California Bill to Fight Newspaper Theft Passes Senate

Legislation to Tackle Curbside Recycling and Newspaper Theft Clears Senate Floor with Bare Margin, Bipartisan Backing

For Immediate Release
August 22, 2008

Bill Barnes
(916) 319-2012

Sacramento — Today, the California State Senate passed a bill that cracks down on recycling raiders who steal newspapers from news stands and CRV containers from curbside recycling bins. The legislation, AB 1778, provides law enforcement with needed tools to deter theft by placing modest requirements on recyclers who currently engage in large, cash transactions for aluminum cans, plastic and glass bottles, and newspaper. The bill passed by a 21-16 vote with 17 Democrats and 4 Republicans in support. Eleven Republicans and five Democrats opposed the bill. Three Democrats did not vote.

“These recycling raiders must be brought out from the shadows,” said Assemblywoman Ma. “Assembly Bill 1778 restores order to neighborhoods that are trashed in the middle of the night. With the price of recycled materials on the rise, recycling theft has become a lucrative business. I am hopeful that this bill, which is so important to improving recycling programs, will be signed by the Governor.”

Across California, thieves rummage for bottles and cans in recycling bins late at night. These organized fleets wake residents, throw unwanted materials on the ground, and trespass on private property. Their theft increases garbage rates and the risk of identity theft. The thieves also target newspapers by following delivery trucks that drop off bundles at newsstands. They then use large trucks to carry the bundles they pick up and then turn them into a recycler for cash without any requirement to show identification.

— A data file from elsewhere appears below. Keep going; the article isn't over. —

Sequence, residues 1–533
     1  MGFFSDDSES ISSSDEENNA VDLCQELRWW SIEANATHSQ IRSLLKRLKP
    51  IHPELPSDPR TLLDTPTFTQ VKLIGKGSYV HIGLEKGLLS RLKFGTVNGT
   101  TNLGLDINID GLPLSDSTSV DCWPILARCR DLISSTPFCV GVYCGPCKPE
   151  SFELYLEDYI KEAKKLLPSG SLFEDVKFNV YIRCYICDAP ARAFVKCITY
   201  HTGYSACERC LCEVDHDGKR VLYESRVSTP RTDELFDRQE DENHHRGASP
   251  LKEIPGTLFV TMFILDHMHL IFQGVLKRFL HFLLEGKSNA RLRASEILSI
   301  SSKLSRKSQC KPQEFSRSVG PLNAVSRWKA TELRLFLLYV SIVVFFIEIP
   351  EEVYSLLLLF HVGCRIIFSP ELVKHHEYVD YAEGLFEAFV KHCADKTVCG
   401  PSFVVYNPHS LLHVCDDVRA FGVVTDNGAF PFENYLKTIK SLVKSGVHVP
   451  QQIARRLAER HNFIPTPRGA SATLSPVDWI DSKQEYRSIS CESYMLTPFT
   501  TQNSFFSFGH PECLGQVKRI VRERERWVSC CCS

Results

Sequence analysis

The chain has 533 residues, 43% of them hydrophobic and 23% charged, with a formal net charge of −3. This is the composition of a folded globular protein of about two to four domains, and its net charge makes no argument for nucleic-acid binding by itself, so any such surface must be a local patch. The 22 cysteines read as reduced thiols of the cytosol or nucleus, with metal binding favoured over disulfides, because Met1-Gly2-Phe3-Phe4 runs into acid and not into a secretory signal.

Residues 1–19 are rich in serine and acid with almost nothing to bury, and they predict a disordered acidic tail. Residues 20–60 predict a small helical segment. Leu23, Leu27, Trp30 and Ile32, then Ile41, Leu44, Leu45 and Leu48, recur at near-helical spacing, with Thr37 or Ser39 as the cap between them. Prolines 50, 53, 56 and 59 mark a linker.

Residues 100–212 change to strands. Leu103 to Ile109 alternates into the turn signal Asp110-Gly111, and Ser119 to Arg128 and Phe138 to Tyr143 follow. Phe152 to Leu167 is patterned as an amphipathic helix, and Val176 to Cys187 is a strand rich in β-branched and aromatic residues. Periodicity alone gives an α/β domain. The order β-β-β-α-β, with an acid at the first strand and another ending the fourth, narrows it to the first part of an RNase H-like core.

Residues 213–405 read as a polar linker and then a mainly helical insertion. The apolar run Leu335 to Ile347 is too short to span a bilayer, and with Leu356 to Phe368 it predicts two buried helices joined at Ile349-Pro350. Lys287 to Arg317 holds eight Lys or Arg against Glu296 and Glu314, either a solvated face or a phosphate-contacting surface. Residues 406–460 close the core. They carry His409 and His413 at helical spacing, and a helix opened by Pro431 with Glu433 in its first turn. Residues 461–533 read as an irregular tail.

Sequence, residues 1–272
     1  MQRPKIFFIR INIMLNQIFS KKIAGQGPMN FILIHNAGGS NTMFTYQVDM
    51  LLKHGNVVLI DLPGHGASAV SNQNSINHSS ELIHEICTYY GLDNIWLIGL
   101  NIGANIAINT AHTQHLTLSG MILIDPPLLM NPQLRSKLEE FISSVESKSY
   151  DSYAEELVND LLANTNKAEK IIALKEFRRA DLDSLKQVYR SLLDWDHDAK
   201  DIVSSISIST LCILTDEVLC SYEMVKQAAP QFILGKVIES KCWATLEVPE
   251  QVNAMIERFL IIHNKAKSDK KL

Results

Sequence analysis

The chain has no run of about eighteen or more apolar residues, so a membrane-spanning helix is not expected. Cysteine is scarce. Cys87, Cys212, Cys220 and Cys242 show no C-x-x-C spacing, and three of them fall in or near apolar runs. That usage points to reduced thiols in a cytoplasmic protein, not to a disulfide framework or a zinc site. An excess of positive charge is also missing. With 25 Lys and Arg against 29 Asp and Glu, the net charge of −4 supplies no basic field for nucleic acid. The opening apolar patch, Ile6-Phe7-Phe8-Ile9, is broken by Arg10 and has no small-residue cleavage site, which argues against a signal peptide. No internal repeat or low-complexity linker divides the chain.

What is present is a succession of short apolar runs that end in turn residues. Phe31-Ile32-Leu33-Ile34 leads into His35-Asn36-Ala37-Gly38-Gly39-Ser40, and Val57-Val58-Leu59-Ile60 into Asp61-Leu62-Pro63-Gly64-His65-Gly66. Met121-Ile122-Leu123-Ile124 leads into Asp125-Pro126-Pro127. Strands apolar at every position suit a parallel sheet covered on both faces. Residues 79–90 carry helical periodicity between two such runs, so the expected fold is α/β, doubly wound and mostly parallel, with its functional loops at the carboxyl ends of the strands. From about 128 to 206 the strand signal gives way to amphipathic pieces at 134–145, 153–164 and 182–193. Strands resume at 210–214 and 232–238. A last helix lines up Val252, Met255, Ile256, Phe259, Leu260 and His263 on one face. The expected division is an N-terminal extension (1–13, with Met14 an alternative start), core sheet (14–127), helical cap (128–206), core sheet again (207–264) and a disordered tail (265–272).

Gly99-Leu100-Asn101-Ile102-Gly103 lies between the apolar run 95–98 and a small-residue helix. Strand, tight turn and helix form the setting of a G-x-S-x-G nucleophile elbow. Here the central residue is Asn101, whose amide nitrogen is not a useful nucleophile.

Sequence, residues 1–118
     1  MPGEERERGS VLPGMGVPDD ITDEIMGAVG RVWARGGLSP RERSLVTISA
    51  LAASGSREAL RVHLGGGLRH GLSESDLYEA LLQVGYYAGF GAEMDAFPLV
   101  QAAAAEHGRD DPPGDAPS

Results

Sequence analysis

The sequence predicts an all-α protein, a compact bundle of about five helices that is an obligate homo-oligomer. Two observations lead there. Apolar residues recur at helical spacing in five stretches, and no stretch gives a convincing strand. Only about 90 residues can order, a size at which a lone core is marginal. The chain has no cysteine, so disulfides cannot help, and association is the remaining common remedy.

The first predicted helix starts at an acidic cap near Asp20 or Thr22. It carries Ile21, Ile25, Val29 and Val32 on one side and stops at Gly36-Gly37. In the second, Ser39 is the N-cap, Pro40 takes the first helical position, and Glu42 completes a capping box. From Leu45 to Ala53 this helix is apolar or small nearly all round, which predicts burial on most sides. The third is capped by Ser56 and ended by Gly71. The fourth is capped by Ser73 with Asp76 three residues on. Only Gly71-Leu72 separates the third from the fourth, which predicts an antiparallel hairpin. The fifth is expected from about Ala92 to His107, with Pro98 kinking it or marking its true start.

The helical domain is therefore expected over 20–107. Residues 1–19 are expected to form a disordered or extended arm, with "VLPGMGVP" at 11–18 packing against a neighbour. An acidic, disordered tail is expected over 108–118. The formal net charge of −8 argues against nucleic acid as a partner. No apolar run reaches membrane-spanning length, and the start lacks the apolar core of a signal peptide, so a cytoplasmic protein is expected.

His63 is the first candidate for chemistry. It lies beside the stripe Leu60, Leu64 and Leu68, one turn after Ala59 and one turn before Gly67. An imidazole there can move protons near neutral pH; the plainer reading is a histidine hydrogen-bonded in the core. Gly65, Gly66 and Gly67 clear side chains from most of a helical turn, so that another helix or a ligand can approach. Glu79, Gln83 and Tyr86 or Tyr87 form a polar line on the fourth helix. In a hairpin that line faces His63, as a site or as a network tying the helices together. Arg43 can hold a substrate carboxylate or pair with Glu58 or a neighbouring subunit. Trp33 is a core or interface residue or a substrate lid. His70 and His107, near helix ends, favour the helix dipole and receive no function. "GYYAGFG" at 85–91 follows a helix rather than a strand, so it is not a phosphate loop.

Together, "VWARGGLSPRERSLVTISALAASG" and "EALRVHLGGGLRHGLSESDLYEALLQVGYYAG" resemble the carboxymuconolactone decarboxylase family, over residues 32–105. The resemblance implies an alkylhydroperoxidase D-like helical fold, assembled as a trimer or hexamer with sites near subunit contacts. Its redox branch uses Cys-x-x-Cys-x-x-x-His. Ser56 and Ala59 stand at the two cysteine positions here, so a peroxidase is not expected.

AB 1778 requires recyclers to pay by check and obtain identifying information of individuals who bring in more than $100 worth of CRV recyclables and more than $50 worth of newspapers. 2,200 aluminum cans have a cash value of $100; 840 pounds of newspaper has a value of $50.

AB 1778 was vigorously opposed by certain recycling companies that fought recordkeeping requirements. Representatives from San Francisco recycler Norcal Waste and the California Newspaper Publishers Association joined Assemblywoman Ma in committee hearings to support the bill. If signed by the Governor, the law will go into effect on January 1, 2009.

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